(PM) Not necessarily. The issue is, as Funakoshi poignantly asserted, about, “parting the clouds in order to see things clearly.” I don’t believe many traditionalists see clearly!”
(SB) Where and why do you think the ‘obsession’ with style emerged?
(PM) I doubt I could locate an actual date, or even place for that matter, but am confident it is closely linked to insecurity, protectionism and the desire for control.
(SB) Many perceive kata study to be an antiquated process that, perhaps, has no real relevance to modern conflict. It is my observation however that you, and a select few others, are working to illustrate its function as a ‘central’ training tool to develop fighting skills. Would I be accurate in thinking you are eager to explore and promote Kata as a fighting textbook?
(PM) On kata, as an antiquated practice, I believe your observation is accurate! Sadly, too many do think of the tradition in such a way. I don’t believe, however, you can blame most people for thinking the way they do! After all, the terribly impractical way that kata has been portrayed, and subsequently passed on over the last century, has done little to inspire much confidence in understanding its functional value.
On working to help bring about a change in the way we think about kata … my response to your comment is a resounding, “Yes!” I am definitely one person very committed to helping make a difference in this area. Considering its ambiguous history, and very misunderstood application, I’m not sure that I’d refer to kata as, “fighting textbooks,” but rather as, “mnemonic time capsules;” kata not only links us to a fascinating history it has long served as the principal vehicle through which immutable application concepts have been preserved. Originally, I don’t believe that kata were ever meant to impart the lesson but rather, “culminate what had already been taught!”
It is this history, culture and technical application that I [the IRKRS] am most committed to passing on, and Koryu Uchinadi is a very user-friendly vehicle through which to pass along this important cultural heritage.
(SB) You mentioned that you don’t believe ‘kata were ever meant to impart the lesson but rather, “culminate what had already been taught!” Can you please explain this further?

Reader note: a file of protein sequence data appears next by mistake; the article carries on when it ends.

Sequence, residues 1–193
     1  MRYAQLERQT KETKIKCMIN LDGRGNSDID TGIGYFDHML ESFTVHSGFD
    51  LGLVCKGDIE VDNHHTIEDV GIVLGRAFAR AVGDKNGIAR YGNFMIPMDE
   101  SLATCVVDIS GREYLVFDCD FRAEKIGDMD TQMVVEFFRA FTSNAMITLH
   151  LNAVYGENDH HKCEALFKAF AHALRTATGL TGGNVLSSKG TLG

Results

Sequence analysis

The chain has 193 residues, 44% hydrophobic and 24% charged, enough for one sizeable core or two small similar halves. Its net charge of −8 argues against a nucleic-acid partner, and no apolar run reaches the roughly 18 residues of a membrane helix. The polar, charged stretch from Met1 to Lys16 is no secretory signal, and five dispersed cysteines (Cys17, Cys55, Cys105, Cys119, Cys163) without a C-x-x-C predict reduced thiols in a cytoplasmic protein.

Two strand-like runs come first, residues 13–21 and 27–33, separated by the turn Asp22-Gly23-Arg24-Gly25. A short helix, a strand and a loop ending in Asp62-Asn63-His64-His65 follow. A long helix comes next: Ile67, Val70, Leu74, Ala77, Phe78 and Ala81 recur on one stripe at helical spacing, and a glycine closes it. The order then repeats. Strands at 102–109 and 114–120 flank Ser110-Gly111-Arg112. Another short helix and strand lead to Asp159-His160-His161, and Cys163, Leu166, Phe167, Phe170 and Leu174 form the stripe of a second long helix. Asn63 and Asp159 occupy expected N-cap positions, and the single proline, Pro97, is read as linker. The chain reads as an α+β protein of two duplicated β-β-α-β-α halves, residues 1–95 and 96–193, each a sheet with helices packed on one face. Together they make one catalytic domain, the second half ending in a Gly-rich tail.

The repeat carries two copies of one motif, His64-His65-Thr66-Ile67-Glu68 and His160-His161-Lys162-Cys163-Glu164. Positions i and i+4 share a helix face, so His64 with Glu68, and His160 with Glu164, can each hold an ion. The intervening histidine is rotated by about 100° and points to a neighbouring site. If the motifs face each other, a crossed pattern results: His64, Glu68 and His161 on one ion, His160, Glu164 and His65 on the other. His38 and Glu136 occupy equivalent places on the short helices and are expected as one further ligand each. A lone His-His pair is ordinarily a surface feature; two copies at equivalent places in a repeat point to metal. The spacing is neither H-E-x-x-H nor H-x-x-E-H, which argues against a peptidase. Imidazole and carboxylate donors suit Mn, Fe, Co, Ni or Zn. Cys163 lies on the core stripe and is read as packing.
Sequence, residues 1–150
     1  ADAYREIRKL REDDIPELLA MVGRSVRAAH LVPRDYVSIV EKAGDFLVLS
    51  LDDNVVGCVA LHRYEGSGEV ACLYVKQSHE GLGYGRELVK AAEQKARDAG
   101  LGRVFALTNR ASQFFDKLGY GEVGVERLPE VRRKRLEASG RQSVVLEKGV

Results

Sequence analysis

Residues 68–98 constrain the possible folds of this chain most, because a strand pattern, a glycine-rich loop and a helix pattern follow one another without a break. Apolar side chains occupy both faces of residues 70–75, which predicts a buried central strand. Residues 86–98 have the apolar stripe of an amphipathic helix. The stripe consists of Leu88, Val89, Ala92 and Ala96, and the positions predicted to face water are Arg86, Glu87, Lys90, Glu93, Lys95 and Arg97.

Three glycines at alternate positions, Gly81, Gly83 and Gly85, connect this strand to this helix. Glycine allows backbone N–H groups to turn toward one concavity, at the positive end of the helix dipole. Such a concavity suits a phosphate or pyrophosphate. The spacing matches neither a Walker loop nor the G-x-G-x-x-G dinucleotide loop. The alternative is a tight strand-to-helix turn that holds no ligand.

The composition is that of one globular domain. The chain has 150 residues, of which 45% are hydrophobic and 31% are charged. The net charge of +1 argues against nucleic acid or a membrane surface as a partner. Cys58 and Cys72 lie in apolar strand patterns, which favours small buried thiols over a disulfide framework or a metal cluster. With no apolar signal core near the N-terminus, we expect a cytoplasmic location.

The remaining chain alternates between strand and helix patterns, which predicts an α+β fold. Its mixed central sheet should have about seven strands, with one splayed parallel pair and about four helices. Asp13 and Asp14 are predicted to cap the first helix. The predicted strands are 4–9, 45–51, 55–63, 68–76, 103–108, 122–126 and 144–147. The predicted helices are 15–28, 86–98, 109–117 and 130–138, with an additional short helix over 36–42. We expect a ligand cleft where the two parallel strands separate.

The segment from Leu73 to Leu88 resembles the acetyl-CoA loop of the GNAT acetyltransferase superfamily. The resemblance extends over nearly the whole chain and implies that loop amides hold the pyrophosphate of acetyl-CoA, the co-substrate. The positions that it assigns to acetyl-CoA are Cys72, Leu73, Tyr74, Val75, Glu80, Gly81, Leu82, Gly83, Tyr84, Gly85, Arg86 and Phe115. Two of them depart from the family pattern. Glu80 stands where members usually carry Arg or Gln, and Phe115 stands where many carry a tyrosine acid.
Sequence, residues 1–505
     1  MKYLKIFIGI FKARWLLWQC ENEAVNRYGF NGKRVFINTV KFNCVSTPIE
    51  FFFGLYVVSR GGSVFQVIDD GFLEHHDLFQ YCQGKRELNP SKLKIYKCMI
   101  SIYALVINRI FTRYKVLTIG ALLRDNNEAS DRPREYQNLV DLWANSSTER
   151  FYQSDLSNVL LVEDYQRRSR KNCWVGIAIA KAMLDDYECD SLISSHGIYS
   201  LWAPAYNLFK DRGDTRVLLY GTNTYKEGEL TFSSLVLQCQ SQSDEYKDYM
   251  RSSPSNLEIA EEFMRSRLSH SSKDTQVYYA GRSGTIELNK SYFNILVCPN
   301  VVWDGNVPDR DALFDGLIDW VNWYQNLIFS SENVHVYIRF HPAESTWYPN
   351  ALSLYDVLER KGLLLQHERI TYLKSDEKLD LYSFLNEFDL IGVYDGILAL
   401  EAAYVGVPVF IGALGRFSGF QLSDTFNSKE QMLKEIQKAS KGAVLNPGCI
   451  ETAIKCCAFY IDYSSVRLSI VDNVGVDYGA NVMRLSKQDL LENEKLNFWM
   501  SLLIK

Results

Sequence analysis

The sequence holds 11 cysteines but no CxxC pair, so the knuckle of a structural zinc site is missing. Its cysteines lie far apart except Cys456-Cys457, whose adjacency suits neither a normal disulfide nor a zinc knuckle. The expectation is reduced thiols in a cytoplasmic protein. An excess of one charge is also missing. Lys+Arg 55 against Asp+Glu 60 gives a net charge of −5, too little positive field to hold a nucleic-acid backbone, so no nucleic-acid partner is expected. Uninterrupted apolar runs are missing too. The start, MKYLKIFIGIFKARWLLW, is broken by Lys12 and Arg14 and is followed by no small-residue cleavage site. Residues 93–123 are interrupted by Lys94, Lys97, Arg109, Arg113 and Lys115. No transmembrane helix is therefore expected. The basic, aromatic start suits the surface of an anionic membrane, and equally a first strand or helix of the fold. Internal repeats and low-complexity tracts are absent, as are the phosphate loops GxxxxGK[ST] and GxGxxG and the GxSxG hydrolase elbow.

(PM) Form follows function! Therefore, any prescribed movements, or sets of prescribed movements, which re-enact the application of how to attack, counter and or escape specific acts of physical violence must, by definition, culminate lessons already learned? That they can also be used as instructional mechanisms support their creative use. Today’s confusion with kata application dates back to the practice falling quietly dormant following Itosu Ankoh’s campaign to support Japan’s radical period of military escalation. When contextual premise–based training and 2-person drill practices were replaced by outcomes that focused exclusively upon physical fitness and social conformity, in support of producing able-bodied male military conscripts, something different from its original intentions unfolded.
Kata represents form and its application is the function. Kata are an abstract collection of conceptual application practices linked together into creative practice routines. What breathes life into this abstract formula is its, “contextual premise!” Long ago, empirical study provided a unique opportunity to identify the acts of physical violence, which plagued domestic society. In doing so, tactical fighting practices ultimately unfolded allowing average people to effectively deal with domestic-based physical violence. Such conceptual practices were customarily learned and rehearsed in 2-person re-enactment drills. As a learner’s repertoire of application practices grew larger the idea of linking such individual concepts together into dynamic solo routines became the basis from which style unfolded. Such routines not only culminated important lessons already learned they also provided creative mechanisms through which to impart timeless teachings and express individual prowess while strengthening one's overall mental, physical and holistic conditioning.
(SB) Last time I interviewed you spoke briefly about the Habitual Acts of Violence, mentioning that understanding them is ‘key’ to effective self-protection. Could you please talk us through this theory a little further for me please?